If you’re approaching, or well-within your competitive season in your training year, the fitness you’ve built up-to-now should be looked at like an investment. Because it is one.
It is your time and your energy packaged up into a measurable state of potential performance... And if you haven’t been working on it that much- better luck next year.
Either way, there’s nothing you can do overnight to magically boost it. Truthfully, your biggest goal in-season should be to maintain the fitness you’ve built, avoid injury, and recover well between competitions and training sessions.
This doesn’t mean that it’s a good time to be lazy or slack off during training sessions either though. Remember, the goal here is to maintain fitness, so you still need to manage your current ability levels when it comes to the fitness you’ve built.
One of the most effective ways of communicating this in my opinion, has been to tell athletes that during their competitive seasons, they should end their training sessions feeling like they could have done more.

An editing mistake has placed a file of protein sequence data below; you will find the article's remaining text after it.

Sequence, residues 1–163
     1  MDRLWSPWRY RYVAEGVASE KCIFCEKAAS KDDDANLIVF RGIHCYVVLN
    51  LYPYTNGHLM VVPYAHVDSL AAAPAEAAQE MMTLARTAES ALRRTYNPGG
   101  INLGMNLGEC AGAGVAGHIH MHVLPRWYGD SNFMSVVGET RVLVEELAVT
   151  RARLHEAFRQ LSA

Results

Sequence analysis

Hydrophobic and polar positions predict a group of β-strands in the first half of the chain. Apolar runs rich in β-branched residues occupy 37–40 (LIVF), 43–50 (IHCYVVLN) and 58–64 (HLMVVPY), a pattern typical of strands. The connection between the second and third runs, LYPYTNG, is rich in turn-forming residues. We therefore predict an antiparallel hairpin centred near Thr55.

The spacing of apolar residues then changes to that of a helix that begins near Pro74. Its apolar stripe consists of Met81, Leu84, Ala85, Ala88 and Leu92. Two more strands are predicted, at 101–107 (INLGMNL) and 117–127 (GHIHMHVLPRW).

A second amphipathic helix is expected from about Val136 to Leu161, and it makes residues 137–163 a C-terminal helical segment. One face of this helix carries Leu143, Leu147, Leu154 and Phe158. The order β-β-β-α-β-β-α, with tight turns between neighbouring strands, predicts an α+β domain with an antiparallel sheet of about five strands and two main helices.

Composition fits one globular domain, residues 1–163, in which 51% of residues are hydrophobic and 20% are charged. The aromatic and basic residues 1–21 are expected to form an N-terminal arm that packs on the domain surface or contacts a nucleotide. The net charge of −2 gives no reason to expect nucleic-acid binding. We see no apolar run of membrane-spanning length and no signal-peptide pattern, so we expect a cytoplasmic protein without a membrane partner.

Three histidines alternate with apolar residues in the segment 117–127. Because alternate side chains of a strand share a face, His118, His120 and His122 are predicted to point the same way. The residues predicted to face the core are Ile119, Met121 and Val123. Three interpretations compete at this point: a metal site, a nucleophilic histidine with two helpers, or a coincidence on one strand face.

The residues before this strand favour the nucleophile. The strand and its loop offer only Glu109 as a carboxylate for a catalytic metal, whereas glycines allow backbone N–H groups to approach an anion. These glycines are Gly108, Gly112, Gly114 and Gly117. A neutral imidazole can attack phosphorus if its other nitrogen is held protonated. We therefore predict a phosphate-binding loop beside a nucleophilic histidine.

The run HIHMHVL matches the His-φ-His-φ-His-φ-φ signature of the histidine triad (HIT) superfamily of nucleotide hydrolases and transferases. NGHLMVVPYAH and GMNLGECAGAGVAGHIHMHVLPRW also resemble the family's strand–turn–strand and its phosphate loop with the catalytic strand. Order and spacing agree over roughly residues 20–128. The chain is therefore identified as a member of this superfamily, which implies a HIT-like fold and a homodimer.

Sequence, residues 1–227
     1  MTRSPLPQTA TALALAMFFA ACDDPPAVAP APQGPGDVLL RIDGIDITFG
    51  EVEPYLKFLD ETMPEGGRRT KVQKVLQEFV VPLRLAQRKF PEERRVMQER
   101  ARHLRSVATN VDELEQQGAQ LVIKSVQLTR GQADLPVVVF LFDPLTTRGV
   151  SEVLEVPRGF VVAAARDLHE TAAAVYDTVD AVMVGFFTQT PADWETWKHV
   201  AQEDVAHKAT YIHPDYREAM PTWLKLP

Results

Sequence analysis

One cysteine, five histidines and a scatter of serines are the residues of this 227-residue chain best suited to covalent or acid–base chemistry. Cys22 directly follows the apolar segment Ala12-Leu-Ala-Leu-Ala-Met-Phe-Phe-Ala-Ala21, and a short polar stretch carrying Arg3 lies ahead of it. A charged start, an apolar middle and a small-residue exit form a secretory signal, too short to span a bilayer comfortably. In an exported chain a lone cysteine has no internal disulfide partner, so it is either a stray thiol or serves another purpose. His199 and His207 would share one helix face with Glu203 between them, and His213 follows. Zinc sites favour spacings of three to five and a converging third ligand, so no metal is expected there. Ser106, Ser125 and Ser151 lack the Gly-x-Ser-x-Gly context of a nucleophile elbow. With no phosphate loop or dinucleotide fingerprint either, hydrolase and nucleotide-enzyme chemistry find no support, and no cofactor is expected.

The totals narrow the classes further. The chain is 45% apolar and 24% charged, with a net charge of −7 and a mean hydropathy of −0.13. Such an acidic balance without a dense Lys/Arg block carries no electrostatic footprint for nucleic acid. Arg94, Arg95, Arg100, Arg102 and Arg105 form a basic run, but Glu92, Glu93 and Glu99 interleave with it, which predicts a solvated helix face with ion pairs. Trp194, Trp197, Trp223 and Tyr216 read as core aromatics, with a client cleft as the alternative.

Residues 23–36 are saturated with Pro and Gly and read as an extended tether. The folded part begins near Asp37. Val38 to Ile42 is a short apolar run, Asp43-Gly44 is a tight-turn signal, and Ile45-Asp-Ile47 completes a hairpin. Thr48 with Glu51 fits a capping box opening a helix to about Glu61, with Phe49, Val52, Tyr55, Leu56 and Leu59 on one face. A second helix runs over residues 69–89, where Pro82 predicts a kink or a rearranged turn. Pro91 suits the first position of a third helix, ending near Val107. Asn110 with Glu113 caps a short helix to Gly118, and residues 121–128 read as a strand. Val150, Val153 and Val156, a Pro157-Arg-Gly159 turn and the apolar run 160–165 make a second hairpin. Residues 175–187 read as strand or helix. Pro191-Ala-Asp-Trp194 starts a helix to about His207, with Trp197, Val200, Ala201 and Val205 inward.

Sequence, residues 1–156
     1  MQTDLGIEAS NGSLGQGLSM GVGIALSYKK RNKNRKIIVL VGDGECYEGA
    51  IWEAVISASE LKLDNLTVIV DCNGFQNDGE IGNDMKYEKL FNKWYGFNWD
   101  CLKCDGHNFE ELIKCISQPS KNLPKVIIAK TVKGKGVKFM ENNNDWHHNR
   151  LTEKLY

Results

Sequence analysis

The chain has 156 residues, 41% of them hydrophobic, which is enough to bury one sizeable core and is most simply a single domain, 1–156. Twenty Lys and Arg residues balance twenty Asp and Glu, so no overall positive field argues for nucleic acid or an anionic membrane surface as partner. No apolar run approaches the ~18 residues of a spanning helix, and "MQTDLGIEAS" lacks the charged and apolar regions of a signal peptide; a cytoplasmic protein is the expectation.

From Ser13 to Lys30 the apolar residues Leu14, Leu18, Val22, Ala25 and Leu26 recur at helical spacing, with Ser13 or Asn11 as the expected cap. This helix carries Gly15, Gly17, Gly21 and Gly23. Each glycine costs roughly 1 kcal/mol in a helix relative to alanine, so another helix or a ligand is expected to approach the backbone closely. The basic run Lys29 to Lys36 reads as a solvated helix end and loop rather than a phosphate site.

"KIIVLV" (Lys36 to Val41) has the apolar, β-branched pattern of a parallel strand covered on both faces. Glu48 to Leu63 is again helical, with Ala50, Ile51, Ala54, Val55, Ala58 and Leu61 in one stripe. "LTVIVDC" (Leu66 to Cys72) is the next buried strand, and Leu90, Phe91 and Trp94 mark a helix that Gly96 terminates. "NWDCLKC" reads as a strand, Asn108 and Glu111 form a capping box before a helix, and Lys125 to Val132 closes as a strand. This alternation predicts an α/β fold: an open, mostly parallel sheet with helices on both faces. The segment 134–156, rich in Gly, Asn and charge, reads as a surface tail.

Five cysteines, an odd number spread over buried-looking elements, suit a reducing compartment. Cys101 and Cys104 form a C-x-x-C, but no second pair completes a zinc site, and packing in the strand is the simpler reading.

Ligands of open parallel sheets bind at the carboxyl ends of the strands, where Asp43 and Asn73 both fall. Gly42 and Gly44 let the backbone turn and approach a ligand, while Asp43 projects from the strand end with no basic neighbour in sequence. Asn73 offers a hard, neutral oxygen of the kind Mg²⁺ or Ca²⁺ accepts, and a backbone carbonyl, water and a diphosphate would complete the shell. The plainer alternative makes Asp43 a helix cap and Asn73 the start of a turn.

By reducing volumes, increasing inter-set rest times, and maintaining regular intensities rather than trying to push for new heights in every session, athletes recruit muscular strength and utilize energy systems in capacities that encourage fitness levels to stay where they are while working at non-exhaustive, sub-threshold levels.
So... Don’t call it “hitting a plateau”... call it “maintaining fitness”- when you’re in-season, that’s the whole point.